To an average person, the mind of God is hard to fathom. Yet even one of Jesus’ disciples; one of three members of his inner circle tried to cancel Jesus’ plan to save the world from sin, Matthew 16:20-23. Three years earlier, the spiritual leader known as John the Baptist attempted to pull off a similar stunt. In the passage below, John tries to talk Jesus out of being baptized by him. John felt unworthy to perform Jesus’ baptism.
Then Jesus came from Galilee to the Jordan to John to be baptized by him. 14 But John [f]protested strenuously, having in mind to prevent Him, saying, It is I who have need to be baptized by You, and do You come to me? – Matthew 3:13-14
Human beings have a hard time seeing the finger of God moving, touching, and working behind the scenes. Perhaps half the problem is that human nature makes most people focus on the here and now so that God’s greater good is never seen. Transition is one of those unpleasant experiences that seems unnecessary at the time it occurs, but it opens the door for future events to occur in your life. This is something that John and Peter both failed to recognize.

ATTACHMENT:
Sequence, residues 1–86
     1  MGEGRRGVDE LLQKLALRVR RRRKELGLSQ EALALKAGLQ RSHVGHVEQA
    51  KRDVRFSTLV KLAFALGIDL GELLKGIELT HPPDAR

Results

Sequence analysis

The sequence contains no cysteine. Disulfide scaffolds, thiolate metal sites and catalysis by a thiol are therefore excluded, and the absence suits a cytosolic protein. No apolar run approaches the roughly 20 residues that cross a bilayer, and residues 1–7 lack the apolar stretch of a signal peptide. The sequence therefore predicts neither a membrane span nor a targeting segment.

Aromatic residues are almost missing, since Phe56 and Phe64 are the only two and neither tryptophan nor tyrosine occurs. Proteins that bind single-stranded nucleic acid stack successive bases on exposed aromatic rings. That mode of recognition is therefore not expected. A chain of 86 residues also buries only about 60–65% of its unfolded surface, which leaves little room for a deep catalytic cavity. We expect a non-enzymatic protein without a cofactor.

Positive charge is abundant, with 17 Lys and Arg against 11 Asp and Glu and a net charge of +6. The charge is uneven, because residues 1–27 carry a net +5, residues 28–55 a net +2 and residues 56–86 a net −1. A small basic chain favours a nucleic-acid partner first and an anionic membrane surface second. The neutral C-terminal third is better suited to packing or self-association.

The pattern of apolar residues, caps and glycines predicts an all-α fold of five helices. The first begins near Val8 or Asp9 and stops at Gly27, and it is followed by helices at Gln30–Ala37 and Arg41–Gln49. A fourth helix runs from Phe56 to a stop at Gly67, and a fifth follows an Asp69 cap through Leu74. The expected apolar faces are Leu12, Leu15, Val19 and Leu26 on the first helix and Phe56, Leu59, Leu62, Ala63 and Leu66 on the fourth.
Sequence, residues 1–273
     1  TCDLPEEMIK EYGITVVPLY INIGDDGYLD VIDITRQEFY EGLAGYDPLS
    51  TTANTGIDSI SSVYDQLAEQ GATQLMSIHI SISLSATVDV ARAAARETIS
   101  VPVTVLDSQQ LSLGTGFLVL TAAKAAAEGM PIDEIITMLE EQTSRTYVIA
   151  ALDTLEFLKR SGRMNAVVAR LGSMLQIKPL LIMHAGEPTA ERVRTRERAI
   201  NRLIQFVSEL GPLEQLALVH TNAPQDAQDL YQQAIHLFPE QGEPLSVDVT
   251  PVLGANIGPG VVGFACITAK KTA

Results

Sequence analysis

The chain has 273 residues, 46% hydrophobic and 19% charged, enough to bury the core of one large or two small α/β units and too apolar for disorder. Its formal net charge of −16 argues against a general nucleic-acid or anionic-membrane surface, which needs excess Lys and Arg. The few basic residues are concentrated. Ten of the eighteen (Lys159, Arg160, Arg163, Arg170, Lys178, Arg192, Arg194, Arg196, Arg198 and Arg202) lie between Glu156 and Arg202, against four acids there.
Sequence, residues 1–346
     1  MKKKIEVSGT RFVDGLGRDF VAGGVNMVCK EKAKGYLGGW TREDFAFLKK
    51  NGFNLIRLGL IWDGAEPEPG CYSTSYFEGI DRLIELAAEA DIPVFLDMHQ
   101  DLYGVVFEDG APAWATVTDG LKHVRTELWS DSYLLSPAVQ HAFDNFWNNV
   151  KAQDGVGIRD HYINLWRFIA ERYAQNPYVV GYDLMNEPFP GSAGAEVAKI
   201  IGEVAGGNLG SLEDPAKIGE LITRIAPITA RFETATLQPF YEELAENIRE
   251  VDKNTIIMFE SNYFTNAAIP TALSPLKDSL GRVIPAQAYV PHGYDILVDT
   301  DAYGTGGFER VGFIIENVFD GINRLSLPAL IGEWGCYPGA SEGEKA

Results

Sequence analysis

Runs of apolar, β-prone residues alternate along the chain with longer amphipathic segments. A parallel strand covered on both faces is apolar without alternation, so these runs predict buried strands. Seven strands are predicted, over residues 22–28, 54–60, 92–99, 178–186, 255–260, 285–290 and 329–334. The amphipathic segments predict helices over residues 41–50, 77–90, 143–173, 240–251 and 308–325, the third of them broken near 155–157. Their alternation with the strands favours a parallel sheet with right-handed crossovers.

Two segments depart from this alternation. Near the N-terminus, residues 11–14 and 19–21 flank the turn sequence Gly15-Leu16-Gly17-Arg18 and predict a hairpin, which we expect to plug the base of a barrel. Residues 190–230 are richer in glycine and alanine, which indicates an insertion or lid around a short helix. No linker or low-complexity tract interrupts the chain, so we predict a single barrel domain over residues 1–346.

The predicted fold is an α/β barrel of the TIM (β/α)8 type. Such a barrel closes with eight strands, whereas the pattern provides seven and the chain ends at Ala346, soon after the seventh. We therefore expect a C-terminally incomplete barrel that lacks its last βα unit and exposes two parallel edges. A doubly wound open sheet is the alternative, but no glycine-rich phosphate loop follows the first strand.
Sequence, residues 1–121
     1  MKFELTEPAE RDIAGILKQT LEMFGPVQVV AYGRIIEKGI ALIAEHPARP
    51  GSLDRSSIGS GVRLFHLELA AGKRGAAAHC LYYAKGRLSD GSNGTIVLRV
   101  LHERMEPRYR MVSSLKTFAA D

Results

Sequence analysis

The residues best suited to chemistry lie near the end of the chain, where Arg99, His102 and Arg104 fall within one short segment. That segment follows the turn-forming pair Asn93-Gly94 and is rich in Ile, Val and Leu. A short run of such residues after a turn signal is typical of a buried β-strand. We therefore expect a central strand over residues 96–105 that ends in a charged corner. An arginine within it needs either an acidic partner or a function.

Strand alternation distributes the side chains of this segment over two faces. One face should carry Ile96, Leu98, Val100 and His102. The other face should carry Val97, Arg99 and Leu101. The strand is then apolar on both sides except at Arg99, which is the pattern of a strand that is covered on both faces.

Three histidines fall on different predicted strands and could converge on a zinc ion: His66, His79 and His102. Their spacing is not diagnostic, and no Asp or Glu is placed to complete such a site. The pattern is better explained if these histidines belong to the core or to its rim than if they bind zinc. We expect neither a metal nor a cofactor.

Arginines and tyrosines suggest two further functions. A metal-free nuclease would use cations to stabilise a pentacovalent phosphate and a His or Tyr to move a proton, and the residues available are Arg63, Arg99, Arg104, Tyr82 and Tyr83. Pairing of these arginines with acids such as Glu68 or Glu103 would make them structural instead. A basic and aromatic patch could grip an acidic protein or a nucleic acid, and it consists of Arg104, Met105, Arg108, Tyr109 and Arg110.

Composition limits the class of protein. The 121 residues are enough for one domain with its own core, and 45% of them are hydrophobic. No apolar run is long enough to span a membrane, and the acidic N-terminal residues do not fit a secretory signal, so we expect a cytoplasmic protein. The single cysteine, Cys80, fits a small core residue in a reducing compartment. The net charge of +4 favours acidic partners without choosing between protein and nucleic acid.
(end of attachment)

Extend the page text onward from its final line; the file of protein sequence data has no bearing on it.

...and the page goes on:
But Jesus replied to him, [g]Permit it just now; for this is the fitting way for [both of] us to fulfill all righteousness [that is, to [h]perform completely whatever is right]. Then he permitted Him. 16 And when Jesus was baptized, He went up at once out of the water; and behold, the heavens were opened, and he [John] saw the Spirit of God descending like a dove and alighting on Him, Matthew 3:15-16.
Despite being a discerning prophet, John needed to be persuaded to baptize Jesus. Based upon the discussion in the passage above, John was finally sold on fulfilling all righteousness. Modern day Christians don’t have the luxury of Jesus talking sense into us. Yet we do have an invisible counselor to usher in God’s will for our lives, John 16:13. The next time the Devil, Ephesians 2:2, seeks to block you from doing what God desires, keep in step with the Holy Spirit, Galatians 5:26, so that God’s will prevails.
by Jay Mankus